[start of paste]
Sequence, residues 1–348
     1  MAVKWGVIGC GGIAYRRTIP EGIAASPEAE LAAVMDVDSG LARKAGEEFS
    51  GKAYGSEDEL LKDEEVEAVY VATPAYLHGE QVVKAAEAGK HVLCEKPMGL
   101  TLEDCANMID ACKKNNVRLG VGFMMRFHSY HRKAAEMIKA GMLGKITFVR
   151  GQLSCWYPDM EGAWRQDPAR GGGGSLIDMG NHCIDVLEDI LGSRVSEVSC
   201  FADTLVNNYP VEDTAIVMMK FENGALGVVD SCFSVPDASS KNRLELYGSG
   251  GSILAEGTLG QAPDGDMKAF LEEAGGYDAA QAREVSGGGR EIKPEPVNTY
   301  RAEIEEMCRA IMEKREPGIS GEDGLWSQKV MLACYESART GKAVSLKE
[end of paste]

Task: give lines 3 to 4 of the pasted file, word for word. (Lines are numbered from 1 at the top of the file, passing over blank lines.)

    51  GKAYGSEDEL LKDEEVEAVY VATPAYLHGE QVVKAAEAGK HVLCEKPMGL
   101  TLEDCANMID ACKKNNVRLG VGFMMRFHSY HRKAAEMIKA GMLGKITFVR